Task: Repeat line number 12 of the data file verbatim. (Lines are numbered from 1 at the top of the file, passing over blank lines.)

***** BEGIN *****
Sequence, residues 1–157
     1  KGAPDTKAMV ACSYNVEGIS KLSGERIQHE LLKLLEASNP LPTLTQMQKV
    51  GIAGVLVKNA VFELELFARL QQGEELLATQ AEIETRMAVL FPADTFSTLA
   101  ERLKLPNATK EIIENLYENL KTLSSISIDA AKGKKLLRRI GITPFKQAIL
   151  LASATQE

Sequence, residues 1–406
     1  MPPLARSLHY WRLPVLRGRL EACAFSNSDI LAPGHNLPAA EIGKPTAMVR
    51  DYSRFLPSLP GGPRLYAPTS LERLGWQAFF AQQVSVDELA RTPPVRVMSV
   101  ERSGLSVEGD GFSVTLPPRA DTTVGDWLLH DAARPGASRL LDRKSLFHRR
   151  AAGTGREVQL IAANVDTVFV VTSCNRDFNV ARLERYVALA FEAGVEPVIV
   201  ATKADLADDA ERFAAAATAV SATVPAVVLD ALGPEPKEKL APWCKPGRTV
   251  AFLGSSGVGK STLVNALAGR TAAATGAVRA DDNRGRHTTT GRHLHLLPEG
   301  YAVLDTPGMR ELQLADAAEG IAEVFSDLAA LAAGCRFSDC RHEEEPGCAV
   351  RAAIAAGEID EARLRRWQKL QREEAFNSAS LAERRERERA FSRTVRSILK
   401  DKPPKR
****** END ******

   251  AFLGSSGVGK STLVNALAGR TAAATGAVRA DDNRGRHTTT GRHLHLLPEG